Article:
SV Pilgrim - 1979 Morgan 382 - Homeport: Beaufort, NC

Monday, May 11, 2015

Building Out The Back of the Ice Box

Installing the final interior panel of the ice box and building out the cockpit locker components seems to be progressing at a meteoric pace relative the fairing, priming, and painting of the last few weeks.

Tabbing and fairing the aft panel into the box is going to get messy.  In preparation I masked all the freshly painted areas of the box.

Not taking any chances with the masking on the the counter tops or freshly painted ice box.
I sanded the fresh primer &  paint off the areas that will receive tabbing.
Tabbing the aft panel will require me to hang my head, arms, and a good portion of my torso into the box while handling wet fiberglass cloth.  Adding an extra set of hands to pass me materials will limit the scope of the mess.  So that portion of the project is on hold until Anne can join me for a project day on the boat.

Working solo, I was able to insert the aft panel and bond it to the box with a bead of thickened epoxy around the perimeter.   I then used a syringe to inject thickened epoxy into any gaps I discovered between the panel and the box.

Marking off sections of the hull that will receive tabbing with grinder at the ready. 

While the epoxy cured I marked out the areas along the hull in the sail locker that will be receiving tabbing for the new bulkhead.  Achieving a proper bond for the tabbing will require exposing the solid fiberglass hull.  All the paint & gel coat must go! Time to suit up for a messy grinding session.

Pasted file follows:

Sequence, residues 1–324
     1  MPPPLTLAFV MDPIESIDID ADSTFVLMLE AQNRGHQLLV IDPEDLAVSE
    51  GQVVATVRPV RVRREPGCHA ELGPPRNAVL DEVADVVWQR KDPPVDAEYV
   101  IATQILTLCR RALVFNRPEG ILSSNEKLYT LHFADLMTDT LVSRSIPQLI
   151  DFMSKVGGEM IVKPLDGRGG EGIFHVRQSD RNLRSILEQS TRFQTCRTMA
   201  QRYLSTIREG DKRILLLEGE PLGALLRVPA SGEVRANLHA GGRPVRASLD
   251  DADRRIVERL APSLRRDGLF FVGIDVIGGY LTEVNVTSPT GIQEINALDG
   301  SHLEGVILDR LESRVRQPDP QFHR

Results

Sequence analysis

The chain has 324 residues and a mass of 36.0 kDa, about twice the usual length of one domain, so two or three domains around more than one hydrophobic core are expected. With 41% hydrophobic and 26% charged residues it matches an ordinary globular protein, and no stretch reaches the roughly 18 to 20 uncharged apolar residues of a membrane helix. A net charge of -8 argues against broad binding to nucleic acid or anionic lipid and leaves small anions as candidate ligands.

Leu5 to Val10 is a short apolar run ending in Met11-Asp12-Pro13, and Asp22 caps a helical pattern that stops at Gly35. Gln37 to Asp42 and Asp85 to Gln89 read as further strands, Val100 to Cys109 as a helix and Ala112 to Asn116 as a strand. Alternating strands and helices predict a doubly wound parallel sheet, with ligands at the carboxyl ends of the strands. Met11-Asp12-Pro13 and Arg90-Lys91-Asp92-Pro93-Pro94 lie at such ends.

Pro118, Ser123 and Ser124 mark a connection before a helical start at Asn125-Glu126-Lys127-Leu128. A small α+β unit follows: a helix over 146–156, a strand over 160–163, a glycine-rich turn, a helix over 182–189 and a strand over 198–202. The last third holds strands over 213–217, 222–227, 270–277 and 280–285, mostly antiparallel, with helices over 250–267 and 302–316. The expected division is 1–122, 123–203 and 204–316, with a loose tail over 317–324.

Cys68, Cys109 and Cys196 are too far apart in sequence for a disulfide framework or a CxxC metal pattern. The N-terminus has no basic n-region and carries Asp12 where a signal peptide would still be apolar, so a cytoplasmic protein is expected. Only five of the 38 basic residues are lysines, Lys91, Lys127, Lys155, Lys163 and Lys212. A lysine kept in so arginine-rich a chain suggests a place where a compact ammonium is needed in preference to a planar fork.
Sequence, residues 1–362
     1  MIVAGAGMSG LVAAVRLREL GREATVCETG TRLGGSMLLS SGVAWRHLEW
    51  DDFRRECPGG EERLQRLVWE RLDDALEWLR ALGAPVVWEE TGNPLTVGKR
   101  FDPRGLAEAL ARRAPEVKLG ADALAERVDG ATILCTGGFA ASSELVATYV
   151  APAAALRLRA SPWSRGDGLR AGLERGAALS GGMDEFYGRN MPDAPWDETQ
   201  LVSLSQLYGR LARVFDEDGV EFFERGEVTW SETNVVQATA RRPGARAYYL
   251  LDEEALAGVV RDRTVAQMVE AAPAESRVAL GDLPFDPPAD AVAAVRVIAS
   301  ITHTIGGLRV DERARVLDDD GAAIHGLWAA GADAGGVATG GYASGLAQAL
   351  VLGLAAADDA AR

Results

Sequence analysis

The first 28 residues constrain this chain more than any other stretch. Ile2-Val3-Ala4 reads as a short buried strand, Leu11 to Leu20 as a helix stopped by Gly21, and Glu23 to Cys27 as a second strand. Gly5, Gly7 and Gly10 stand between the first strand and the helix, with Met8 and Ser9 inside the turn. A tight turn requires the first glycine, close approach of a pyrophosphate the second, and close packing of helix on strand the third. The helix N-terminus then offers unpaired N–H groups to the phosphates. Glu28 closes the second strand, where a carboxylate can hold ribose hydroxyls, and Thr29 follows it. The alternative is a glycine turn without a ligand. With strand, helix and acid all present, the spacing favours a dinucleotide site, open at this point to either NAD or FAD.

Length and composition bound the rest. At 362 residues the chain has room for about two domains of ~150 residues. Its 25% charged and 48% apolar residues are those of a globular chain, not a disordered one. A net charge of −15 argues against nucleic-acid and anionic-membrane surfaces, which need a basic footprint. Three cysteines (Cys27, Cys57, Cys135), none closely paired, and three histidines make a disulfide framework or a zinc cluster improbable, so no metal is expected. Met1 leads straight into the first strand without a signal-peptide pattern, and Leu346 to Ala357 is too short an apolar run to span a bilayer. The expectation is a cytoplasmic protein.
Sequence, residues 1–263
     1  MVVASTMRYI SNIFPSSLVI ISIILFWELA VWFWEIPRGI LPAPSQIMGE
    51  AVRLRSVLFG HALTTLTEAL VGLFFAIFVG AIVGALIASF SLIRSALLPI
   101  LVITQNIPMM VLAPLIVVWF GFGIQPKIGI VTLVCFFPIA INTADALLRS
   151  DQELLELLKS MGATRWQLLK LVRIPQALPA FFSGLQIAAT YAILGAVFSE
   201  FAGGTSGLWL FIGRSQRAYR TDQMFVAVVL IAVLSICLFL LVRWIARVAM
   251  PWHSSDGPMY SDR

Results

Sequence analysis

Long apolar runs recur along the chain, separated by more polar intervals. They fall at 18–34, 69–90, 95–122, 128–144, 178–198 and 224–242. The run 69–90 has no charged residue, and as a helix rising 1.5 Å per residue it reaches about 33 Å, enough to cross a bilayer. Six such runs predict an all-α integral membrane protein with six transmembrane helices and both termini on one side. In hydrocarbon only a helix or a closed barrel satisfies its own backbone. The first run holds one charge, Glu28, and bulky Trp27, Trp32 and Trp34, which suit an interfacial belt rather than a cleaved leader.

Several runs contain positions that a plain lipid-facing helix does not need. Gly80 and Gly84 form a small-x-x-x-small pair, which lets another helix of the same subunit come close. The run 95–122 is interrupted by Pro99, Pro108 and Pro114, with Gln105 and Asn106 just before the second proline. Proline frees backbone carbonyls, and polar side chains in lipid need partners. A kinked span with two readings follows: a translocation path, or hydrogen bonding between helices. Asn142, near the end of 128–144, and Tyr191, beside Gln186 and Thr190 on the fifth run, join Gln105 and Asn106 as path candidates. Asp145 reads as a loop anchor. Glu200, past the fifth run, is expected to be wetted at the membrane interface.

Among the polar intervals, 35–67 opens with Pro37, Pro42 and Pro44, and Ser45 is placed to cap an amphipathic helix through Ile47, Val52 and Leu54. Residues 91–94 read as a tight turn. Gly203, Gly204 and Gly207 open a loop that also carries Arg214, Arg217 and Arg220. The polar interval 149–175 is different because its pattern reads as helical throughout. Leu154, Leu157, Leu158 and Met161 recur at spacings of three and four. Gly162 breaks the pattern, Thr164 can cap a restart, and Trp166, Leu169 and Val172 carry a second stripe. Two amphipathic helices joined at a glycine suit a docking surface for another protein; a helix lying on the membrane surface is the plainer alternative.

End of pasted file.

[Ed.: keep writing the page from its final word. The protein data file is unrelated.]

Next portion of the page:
Areas to receive tabbing ground down to bare fiberglass

Whew.  Glad that is done.  The joys of grinding down a heavy layer of gel coat to expose bare fiberglass in an enclosed space can really only be appreciated through personal experience.  Disposable coveralls, leather gloves, and full face respirator required!

Since the conduit on this portion of the project does not run directly under the ice box, I chose more simple, but less insulated fabrication.   I created a section of conduit by molding fiberglass into an arc with tabs on either side.

Fiberglass conduit tabbed to hull and bonded with fillet across arc.

Once the conduit layup cured, I installed it with tabbing to the hull and a fillet along the arc.  Check out my post on Molding a Fiberglass Conduit for more details about fabricating this piece.

Now for some insulation.  First a layer of Reflectix.

Inner layer of Reflectix insulation mounted using 3M spray adhesive.

Next  - four layers of 1” foam board followed by two additional layers of Reflectix

Save for the amount of exposed conduit this image is not much different that the previous.
That brings the insulation on the back of the ice box to nearly 5”, 4–15/16” for the detail oriented readers. 

I started off the post expressing my excitement at how quickly this portion of the ice box project is progressing.  As a reality check the work covered in this post took me approximately 12 to 16 hours over 3 days.

Next up…. Well it will either be a post on fabricating the fiberglass conduit or the new bulkhead.  Stay tuned…

More images and notes from this on-going project are available in the Ice Box Rebuild Photo Album

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